Some people think military kids grow up, leave home and forget all about the military life. That may be so, but me … I feel lost without it.
I don’t know many people like me – my parents had me very young (19), so I was literally around from the very beginning of my dad’s military career. I started school, he TDY’d for a year. I got my driver’s license, he, well, he volunteered to go TDY. I went to college, he went to war. I started my first “real” job, he went to the Army War College. I got married, he went back to war. I got divorced, he retired.
Throughout all my post-dependent life, I tried and tried and tried to be “normal.” I was living in cities and towns that had ZERO military connection, so it was fairly easy to kind of put that behind me. But something was always missing.
Like so many other people, 9/11 changed it all. Technically, I was still a dependent as I was a junior in college, but I was so far removed from military life, it was a very hard time. One of my ex-boyfriends (a Marine at the time) called me that day to check on me and assure me that everything would be fine. (Not only was I worried about my dad, but also him – though I’m not sure he knew that.)
The one thing that stuck with me about that time was a few months later, when my dad was getting ready to deploy, and he was featured on one of the local TV stations. They talked with him, my mom and even my little sister during one of her soccer games. But, they never called me. It felt like I wasn’t part of the family anymore.
Just because I was a half a world away at college didn’t mean that I wasn’t struggling and hurting and worrying about this deployment (or the four more that followed over the years). Sure, I was around people who weren’t “affected” by 9/11 the same way I was, and I probably did better than if I was at home. But, boy did I miss home. I missed being part of the send-offs and the homecomings. I missed being part of the wives’ groups – because even though I wasn’t a wife, all of them treated me like an adult and I was welcomed. I missed helping out others by cooking, babysitting … just being there. I missed drawing from the strength of others. There’s nothing more depressing than watching the war begin from your desk at a newspaper and have NO one to hug and cry with there.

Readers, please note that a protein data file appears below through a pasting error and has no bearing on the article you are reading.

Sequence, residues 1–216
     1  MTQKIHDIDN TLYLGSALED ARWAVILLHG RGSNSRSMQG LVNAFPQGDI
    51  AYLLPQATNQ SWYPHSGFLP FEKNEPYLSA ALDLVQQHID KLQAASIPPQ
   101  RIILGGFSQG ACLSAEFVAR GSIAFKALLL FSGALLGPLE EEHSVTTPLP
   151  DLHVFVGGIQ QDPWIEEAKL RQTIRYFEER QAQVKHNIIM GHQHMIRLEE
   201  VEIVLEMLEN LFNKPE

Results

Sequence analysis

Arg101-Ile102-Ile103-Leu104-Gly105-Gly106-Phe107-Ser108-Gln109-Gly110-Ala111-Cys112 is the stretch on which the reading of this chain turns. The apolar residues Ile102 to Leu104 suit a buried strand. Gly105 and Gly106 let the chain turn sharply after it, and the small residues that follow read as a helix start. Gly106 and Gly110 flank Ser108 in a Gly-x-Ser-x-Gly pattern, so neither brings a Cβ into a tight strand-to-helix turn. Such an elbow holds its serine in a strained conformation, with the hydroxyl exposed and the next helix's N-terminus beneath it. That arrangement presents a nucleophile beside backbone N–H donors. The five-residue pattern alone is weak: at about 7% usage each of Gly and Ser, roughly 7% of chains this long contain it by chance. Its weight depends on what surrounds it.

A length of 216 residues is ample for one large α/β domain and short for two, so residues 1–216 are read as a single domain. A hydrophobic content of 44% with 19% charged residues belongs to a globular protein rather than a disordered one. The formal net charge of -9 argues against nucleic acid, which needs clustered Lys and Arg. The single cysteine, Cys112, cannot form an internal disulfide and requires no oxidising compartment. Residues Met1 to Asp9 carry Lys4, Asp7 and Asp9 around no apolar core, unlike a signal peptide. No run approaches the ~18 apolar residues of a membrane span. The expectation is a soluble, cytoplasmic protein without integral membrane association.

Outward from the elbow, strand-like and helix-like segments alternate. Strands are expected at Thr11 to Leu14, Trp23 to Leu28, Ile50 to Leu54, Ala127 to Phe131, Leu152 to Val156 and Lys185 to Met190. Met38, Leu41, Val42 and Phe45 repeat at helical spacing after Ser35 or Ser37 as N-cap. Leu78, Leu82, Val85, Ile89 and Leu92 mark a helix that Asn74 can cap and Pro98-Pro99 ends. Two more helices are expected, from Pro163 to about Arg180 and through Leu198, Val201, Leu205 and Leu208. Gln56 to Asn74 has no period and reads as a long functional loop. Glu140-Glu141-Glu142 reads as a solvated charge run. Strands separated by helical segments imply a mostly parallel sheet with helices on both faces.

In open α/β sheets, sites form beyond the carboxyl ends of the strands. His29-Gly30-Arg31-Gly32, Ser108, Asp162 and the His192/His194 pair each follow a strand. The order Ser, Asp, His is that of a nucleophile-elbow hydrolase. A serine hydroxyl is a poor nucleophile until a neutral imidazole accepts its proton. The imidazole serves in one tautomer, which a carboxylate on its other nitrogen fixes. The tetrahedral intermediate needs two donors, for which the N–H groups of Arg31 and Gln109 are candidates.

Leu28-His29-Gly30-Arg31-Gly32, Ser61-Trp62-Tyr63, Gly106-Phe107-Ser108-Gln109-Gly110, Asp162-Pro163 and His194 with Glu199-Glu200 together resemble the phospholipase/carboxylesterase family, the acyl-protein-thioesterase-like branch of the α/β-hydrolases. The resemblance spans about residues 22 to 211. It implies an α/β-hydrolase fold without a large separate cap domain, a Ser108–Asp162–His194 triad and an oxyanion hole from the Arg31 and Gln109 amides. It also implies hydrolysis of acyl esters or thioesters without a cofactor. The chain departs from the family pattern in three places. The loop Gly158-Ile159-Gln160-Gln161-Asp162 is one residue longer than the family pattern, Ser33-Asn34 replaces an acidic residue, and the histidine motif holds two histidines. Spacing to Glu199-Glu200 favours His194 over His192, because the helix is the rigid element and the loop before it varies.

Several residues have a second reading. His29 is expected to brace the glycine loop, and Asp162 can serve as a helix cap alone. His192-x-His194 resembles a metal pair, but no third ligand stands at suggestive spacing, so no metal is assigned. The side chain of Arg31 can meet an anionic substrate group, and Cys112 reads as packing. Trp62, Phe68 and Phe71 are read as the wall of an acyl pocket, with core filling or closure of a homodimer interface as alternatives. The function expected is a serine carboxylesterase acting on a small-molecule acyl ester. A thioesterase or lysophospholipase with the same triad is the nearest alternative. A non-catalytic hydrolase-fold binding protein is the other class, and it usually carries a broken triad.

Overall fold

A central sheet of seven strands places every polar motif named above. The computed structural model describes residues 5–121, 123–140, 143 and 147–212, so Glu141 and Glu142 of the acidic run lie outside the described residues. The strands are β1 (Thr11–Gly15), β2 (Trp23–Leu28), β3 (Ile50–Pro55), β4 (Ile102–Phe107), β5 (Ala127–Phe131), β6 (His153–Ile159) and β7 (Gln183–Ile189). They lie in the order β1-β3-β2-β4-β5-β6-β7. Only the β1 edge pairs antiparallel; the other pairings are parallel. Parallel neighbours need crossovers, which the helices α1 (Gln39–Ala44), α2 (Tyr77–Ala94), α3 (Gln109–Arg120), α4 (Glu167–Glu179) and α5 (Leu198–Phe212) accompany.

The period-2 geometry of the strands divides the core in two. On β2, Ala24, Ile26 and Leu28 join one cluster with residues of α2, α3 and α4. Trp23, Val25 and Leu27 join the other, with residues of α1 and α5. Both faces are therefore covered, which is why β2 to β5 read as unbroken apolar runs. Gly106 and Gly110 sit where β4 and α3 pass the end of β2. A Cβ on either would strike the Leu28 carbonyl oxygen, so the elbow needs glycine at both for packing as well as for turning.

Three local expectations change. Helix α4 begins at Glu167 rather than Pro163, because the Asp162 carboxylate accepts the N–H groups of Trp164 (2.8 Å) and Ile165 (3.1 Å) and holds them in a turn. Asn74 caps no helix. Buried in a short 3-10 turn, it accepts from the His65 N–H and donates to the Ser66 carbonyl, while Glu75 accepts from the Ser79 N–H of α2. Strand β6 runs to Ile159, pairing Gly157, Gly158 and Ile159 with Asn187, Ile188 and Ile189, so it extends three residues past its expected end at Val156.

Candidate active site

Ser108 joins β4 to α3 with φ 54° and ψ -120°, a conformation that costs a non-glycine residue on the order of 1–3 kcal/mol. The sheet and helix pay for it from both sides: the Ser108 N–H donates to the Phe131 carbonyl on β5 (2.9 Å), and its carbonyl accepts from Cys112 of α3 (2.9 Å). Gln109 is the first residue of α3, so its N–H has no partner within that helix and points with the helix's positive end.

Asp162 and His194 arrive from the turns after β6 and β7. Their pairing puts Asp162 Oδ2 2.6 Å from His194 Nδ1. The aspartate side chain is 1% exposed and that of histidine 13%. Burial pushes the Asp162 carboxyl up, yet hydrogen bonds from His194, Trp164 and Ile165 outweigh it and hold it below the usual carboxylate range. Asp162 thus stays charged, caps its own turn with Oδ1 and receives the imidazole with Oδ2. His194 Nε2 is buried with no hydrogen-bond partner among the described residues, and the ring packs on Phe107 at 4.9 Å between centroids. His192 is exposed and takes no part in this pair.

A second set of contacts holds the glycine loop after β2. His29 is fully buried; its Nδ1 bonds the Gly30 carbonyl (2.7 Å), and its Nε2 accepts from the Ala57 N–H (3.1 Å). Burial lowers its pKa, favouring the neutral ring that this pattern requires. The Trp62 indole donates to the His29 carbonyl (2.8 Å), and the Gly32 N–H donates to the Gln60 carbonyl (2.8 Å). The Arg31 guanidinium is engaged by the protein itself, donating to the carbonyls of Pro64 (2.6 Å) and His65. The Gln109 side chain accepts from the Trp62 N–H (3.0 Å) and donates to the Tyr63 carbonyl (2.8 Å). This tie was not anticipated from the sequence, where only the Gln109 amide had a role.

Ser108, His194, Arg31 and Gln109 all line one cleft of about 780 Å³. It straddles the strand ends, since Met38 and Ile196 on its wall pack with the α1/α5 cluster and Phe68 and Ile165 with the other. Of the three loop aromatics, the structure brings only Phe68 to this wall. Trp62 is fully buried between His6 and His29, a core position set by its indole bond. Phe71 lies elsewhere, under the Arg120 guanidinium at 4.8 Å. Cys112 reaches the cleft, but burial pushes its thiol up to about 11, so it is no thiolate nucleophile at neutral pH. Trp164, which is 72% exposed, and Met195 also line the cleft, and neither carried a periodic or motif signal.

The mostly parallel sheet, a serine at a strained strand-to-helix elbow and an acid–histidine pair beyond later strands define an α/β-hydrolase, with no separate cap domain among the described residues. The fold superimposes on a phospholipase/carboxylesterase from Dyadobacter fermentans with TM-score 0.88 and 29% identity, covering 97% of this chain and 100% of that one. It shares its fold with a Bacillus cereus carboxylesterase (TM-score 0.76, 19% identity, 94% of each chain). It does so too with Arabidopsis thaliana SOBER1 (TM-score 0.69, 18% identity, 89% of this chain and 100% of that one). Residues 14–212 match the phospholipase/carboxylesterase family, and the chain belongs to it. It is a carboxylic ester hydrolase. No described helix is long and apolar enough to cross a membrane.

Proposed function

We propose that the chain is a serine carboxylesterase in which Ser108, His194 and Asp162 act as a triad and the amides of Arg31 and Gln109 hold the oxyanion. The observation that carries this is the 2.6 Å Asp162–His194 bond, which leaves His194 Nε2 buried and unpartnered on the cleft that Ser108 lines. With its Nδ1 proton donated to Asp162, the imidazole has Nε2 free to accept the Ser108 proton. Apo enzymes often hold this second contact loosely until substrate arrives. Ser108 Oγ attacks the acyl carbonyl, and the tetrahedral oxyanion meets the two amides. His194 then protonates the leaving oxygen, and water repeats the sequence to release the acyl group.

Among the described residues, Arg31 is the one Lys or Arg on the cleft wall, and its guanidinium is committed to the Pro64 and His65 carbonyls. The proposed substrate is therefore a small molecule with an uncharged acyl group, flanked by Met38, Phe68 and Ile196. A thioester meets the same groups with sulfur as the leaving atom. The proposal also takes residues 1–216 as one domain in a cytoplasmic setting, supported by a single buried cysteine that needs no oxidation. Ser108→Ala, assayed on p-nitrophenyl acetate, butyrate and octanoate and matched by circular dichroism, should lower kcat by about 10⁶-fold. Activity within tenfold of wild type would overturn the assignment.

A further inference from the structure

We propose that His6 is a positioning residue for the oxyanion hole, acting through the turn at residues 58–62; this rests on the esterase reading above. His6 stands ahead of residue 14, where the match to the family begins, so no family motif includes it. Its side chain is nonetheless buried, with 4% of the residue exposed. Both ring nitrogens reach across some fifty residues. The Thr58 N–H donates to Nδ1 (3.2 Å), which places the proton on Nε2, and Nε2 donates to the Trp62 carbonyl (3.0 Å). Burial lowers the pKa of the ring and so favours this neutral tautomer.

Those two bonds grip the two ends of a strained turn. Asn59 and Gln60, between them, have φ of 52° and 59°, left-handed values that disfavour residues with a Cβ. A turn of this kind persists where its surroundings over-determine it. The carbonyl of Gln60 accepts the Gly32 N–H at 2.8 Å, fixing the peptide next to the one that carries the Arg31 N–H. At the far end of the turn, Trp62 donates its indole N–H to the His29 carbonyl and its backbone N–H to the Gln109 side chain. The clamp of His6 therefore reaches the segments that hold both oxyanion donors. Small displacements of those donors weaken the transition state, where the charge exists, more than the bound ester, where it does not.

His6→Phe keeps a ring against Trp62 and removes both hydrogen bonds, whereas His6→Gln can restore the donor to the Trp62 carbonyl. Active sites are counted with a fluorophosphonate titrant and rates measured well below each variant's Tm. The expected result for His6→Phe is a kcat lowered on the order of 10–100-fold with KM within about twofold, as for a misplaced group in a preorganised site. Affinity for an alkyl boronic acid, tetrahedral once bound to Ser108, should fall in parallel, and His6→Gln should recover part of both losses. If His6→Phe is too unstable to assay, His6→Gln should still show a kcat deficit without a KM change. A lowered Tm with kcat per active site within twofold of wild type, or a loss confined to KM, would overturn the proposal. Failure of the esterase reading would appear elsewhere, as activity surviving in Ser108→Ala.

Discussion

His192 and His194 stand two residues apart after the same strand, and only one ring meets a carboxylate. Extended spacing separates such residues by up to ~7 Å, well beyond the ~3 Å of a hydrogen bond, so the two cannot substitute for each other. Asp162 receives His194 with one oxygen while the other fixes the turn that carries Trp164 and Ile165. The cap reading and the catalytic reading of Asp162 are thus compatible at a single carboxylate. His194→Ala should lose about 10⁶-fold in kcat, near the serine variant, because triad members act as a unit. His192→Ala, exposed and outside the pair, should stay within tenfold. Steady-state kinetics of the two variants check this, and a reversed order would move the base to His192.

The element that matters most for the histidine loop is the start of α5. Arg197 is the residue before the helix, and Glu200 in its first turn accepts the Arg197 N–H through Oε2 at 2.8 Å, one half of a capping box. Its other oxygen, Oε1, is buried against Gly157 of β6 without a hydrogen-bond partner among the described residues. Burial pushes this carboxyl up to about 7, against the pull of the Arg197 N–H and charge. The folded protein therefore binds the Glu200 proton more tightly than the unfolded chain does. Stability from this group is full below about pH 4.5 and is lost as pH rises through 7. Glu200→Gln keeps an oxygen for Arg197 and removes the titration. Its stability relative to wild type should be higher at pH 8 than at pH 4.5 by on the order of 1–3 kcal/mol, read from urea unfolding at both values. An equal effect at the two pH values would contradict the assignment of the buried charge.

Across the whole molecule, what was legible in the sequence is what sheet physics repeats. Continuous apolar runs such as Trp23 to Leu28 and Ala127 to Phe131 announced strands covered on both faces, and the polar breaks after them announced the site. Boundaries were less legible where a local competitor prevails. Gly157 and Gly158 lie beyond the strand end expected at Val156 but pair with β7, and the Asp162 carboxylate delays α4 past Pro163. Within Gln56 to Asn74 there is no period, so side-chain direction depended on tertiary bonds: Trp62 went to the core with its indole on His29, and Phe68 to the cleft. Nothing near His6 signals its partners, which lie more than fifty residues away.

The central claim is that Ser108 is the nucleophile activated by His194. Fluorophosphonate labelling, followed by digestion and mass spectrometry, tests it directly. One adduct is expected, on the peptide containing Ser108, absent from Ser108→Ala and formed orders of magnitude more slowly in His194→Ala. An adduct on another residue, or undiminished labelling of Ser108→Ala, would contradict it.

As the war continued, I searched for ways to get back that feeling of “home.” I tried writing letters, being pen pals, adopting soldiers. But, none of that ever worked the way I was hoping it would. I always felt like I was a square peg trying to fit in a round hole. I began thinking that maybe you really couldn’t go home again.
But then, something changed. I was just starting my health coaching practice and on a visit home, I chatted with several military spouses. (My mom was quite proud of me and had apparently been bragging.) We’d talk about how going back to school to do this had changed my life. How I was SO much happier now and was losing weight without really thinking about it. And with each one of those conversations, and each of them giving positive encouragement and expressing desire to have what I had, I realized THIS was the way for me to find my way home.
Instead of reaching out to the actual military members, I started focusing on the wives, the girlfriends, the fiancees, the kids. There may not seem like a lot of support out there for the military, but there’s even less for military families. Just because I wasn’t a dependent anymore didn’t mean I couldn’t still do all those things I missed doing. Being supportive of military families and helping them stay healthy and happy throughout all the craziness that is military life is was what brought back that feeling of “home.”
I realized it wasn’t the military I missed. It was the military families.